The weather at different altitudes

temperatures-altitude
The FieldMate can provide you with the relevant information to make the right decisions of when and how to best protect your crop.

We all know that in the summertime, the weather at the beach can be vastly different from conditions more inland. And that the temperature in the countryside is higher with respect to the conditions high up in the mountains. But did you also know that temperatures at different heights close to the surface can vary greatly as well? These differences within the first couple of meters above the soil can have a large agronomical impact. Crop leaves and roots experience different conditions than measured at standard weather station height. These crop conditions, though, determine the risk of infection with crop diseases or the effect of crop protection products and are measured with our FieldMate, of course!

Throughout the day, the effect of the energy of the sun on the surface of agricultural soil is twofold. On the one hand, it leads to evaporation of water from the soil and transpiration from the plant. On the other, the energy is used to warm the surface itself. In a mature crop that is well supplied with water, most of the energy is used for evapotranspiration. The drier the soil however, the more solar energy is converted into heat. The heat and water vapour generated during this ongoing process are dissipated by wind and convection from the surface to higher levels.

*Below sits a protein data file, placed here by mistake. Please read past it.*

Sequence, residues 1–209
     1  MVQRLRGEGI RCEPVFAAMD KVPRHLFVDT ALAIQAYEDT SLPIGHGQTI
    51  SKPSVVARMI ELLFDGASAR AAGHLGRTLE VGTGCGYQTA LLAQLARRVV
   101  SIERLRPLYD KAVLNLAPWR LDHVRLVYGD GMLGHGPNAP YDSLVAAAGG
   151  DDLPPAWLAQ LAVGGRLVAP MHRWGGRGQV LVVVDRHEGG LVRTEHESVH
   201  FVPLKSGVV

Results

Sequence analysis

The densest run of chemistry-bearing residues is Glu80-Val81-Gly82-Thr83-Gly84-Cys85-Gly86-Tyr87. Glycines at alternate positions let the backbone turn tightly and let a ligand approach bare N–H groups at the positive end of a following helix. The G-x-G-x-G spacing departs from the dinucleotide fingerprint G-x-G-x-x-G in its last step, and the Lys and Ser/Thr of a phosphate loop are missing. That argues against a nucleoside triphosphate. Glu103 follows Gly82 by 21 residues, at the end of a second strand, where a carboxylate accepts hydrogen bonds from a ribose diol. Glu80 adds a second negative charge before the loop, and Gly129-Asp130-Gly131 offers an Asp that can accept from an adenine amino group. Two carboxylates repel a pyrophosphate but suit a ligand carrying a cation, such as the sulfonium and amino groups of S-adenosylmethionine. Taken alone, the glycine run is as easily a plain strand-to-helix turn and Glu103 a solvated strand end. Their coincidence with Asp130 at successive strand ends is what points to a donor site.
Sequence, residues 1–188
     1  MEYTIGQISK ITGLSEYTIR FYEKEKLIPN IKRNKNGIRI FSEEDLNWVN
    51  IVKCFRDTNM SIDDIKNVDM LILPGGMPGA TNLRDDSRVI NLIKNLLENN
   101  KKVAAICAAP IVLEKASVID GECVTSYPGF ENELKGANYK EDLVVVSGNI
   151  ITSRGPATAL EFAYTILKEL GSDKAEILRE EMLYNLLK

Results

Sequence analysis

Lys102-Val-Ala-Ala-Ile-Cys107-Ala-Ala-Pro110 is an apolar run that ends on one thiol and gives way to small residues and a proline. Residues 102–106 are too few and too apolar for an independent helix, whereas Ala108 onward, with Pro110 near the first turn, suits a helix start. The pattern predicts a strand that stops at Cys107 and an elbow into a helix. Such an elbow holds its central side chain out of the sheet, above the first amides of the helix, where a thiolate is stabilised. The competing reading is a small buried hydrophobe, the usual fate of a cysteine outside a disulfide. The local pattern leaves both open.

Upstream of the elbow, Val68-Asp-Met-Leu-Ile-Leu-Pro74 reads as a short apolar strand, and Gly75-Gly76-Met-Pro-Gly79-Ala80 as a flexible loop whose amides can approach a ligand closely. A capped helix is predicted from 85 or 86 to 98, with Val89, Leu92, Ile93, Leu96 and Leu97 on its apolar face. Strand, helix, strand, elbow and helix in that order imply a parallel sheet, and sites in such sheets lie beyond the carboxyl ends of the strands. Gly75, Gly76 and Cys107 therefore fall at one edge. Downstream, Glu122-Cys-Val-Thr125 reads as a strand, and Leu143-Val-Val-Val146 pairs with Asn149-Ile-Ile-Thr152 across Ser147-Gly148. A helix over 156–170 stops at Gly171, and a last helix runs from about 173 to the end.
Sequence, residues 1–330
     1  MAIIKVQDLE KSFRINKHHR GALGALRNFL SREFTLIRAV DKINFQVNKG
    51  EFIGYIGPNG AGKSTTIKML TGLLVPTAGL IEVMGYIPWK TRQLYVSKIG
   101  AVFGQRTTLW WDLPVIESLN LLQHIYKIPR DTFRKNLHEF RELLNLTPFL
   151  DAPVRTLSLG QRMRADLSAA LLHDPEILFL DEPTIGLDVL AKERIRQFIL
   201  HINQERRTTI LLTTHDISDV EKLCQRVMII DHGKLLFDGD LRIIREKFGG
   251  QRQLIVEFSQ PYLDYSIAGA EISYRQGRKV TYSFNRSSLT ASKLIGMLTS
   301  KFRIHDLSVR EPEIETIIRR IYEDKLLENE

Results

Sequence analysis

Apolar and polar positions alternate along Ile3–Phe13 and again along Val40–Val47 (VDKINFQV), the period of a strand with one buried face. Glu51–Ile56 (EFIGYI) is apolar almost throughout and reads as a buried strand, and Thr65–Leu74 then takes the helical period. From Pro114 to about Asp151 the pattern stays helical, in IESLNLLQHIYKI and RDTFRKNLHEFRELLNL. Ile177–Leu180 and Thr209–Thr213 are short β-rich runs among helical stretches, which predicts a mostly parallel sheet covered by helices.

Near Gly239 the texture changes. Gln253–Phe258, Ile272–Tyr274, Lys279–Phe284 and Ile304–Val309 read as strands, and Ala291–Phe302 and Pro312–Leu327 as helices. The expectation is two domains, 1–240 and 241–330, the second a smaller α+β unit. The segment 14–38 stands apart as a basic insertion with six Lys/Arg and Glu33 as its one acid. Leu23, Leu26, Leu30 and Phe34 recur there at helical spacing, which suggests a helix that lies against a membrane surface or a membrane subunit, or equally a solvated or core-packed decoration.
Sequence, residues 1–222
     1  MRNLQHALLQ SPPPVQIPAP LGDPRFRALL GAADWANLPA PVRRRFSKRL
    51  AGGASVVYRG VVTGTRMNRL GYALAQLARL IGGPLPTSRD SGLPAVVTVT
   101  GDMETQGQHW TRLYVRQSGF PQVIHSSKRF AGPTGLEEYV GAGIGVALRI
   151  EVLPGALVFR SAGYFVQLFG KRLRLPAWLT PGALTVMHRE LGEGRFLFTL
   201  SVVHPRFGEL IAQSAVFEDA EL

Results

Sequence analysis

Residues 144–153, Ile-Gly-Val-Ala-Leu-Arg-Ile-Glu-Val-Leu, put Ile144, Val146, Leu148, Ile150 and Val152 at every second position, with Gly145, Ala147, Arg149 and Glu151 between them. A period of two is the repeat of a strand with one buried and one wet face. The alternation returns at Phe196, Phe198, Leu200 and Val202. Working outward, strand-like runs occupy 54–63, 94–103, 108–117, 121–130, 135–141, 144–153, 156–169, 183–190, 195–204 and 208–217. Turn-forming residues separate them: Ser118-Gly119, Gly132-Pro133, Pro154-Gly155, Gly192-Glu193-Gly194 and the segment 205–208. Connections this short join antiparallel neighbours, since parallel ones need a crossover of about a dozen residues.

As a result, the air at higher levels will get warmer as well as more humid. If little mixing takes place, generated heat, and moisture will remain close to the surface. It is then that we start to witness relatively large differences between our FieldMate measurements in and above the crop and at 1.5 meters. Under windy conditions and with well-watered, mature crops, those differences will be only small. But, with an open or small crop on a dry soil at low wind speeds, the vertical variations can be quite significant – with a topsoil that’s 5°C or even 10°C warmer. At night, the opposite occurs. At low wind speeds the surface can be 5°C to 10°C colder than at standard height and extreme drift conditions exist.

You can imagine that such differences can have its effect on your crop protection activities (e.g., crop damage, reduced effect) or your disease risk assessment (e.g., prolonged leaf wetness). Only by getting an exact picture of both temperature and humidity at crop height, we make can make accurate predictions and take accurate measures. Thanks to the ultra-local measurements of the FieldMate, we can factor for all those influences where conventional measurements only capture the general well-mixed atmospheric conditions.

We’ve mentioned a 5°C difference. That’s 5°C of being more accurate, 5°C of taking the optimal measures and 5°C of leading the way to the most efficient, sustainable, and profitable decisions. Only with accurate data, we can provide you with the relevant information to make the right decisions of when and how to best protect you crop.

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